I thought it important to describe a new feature we’ve added to the PitchFX Player Cards over the last month or so. I’ve previously tweeted (@Brooksbaseball) about these features but haven’t described them in detail.
When the cards first debuted, we were asked by a number of people to provide average data for comparison, especially for the “Sabermetric Outcomes” table. For example, if Clay Buchholz got 45.96 percent whiffs/swing on his change-up, people wanted to know how good that was relative to other pitchers, and so they wanted some average number of swings and misses. They had a feeling it was good, but they wanted to know just how good.
The problem people don’t realize is that they really don’t want the average, because while it is useful in some contexts to know simply an average, it isn’t nearly as useful as knowing something about the distribution of scores. For example, if I told you that on some made-up metric Buchholz was a 7, and that the average was a 5, you’d know that Buchholz was above average but you wouldn’t know by how much. Maybe on this metric most good players score between 5-6, and so 7 is really outstanding. Maybe on this metric most good players score between 5-25, and so 7 is really not very exceptional.
So you can see, it would be nicer if I told you instead something about how far Buchholz was from the mean score as an expression of the distribution of scores. For that, we can use a Z-score.
The Z-Score is a simple concept in statistics. Simply, it tells you how many standard deviations a score is from the mean score. So, if you now scroll down to the “Sabermetric Outcomes” table on Buchholz’s player card, you can change “Percentages” to Z-Scores. This will contextualize the percentages that you see on the table (all of them, not just whiffs) so that you can better understand just how good the pitches are that you’re looking at.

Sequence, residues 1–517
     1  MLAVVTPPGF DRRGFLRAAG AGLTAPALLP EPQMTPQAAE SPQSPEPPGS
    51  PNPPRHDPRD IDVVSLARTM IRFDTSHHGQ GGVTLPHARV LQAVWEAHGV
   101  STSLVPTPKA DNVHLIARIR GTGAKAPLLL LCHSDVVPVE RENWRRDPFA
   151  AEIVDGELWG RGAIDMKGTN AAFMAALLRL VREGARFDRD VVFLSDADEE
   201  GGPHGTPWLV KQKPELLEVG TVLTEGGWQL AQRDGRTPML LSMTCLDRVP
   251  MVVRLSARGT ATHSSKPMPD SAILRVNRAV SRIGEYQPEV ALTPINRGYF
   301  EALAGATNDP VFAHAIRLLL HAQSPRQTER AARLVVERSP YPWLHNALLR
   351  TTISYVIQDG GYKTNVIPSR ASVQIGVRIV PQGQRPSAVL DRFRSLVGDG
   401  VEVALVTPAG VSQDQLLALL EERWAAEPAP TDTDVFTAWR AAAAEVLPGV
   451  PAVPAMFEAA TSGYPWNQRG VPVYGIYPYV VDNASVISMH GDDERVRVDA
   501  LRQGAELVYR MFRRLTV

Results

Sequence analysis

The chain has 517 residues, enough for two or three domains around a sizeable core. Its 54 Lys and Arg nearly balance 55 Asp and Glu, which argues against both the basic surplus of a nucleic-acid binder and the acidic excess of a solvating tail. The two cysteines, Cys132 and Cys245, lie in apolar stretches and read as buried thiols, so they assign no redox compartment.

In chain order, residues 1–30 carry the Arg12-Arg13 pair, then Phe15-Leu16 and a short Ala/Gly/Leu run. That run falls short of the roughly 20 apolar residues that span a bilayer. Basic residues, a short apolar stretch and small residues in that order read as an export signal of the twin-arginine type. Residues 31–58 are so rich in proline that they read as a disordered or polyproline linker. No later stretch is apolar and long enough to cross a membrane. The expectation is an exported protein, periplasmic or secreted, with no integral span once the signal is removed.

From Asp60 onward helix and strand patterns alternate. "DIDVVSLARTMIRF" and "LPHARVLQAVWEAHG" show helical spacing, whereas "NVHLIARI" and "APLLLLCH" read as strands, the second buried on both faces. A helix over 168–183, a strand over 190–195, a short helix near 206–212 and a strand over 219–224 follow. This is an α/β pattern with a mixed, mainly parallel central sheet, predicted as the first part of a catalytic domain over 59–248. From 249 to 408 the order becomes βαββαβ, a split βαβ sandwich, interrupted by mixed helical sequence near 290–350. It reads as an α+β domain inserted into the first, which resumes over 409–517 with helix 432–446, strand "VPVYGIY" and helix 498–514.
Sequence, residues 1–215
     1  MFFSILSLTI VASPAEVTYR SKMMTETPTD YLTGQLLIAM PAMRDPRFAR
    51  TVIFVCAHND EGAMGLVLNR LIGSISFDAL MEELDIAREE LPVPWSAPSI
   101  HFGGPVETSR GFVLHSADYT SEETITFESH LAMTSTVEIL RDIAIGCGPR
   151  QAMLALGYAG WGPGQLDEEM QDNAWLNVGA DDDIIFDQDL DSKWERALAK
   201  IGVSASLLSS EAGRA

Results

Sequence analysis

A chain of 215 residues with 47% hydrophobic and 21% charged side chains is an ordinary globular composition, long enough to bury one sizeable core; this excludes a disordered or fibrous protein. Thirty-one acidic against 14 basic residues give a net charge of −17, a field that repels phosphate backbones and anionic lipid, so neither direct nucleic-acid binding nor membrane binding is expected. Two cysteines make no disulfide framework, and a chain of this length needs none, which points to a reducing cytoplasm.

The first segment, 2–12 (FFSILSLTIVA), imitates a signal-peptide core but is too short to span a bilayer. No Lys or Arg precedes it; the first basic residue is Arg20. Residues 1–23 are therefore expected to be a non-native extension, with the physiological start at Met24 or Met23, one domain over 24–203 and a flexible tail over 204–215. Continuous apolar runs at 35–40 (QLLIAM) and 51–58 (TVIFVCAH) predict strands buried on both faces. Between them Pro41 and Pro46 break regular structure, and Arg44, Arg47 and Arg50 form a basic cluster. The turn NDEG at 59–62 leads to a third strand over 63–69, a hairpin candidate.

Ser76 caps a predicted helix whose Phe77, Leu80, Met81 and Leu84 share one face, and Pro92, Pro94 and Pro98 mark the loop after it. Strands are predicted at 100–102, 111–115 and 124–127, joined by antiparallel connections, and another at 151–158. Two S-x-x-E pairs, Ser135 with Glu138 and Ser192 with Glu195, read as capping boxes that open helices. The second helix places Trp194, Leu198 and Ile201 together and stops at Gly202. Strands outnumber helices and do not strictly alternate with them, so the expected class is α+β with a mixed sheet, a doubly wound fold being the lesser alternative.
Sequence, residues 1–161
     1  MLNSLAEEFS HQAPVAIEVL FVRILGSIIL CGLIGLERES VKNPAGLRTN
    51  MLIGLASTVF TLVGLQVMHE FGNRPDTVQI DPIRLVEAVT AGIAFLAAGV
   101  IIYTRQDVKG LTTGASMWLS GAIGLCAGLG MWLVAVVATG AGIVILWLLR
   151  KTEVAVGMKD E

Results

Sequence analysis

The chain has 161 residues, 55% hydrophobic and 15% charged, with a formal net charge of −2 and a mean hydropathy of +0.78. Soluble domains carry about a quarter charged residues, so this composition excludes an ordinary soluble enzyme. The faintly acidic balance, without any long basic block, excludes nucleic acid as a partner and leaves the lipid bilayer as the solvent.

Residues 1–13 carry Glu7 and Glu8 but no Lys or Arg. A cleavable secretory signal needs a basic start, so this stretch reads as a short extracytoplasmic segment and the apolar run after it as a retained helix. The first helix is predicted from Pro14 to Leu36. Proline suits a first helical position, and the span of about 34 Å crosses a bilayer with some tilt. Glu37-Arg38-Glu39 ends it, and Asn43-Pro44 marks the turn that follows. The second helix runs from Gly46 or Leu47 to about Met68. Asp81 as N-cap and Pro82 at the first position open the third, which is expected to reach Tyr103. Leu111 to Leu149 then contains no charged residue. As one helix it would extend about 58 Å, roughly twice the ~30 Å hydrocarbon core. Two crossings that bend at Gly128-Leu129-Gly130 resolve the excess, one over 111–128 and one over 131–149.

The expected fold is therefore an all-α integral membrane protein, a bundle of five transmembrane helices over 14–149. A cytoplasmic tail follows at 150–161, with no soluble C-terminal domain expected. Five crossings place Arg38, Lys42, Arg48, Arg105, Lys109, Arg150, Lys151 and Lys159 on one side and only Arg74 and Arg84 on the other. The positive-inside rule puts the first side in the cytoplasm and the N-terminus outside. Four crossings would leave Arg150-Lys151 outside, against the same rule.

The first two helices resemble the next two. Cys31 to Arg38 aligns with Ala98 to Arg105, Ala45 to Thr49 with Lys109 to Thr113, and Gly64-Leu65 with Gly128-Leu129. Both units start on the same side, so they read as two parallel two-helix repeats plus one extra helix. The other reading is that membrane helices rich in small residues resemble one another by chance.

It’s also important to think about which distribution is appropriate for comparison in this case. For example, we could compare Buchholz’s change-up to all other pitches, or, perhaps more appropriately in this context, compare the change-up to all other change-ups. We’ve chosen “all other change-ups” as our distribution. When you change the months or years on the player cards, it will change the numbers used for Buchholz’s data but won’t change the numbers used for calculating the Z-scores, because we didn’t want to get too fine with the comparisons that we made.
There’s also a problem in this dataset that arises when pitchers throw a very small number of pitches, because this makes their whiff numbers artificially high or low (luck plays a larger role). So, we’ve left pitches (e.g., Player X’s change-up) out of the distribution that didn’t get thrown at least 100 times. You can still look at those pitches as a function of Z-score, but they won’t be particularly meaningful. Even with these omissions, we’ve still got a very large sample to work with for each pitch in this case (except Knuckleball, which is a special case on its own).
You can also change the scores into “Pitch IQ Scores.” You can think of the “Pitch IQ Scores” exactly like you would think of Z scores, except, some people don’t like Z scores because it requires explaining basic statistics to people, and IQ scores are a sort of intuitive thing that we use in everyday life. The formula here is simply 100+15*Z (just like it is for IQ). We also often use the 100+/- system in baseball, for describing things like ERA+ or OPS+, so describing a pitch as having a 124 Whiff/Swing (pretty damn good) or a 64 Whiff/Swing (worse than useless) seems like something that could catch on, and might be easier for your readers to grok than numbers like “1.6” and “-2.4”.
Have fun, tab through, figure out which representation of the data you like best. I hope you enjoy the new features and we look forward to hearing additional feedback as the season begins.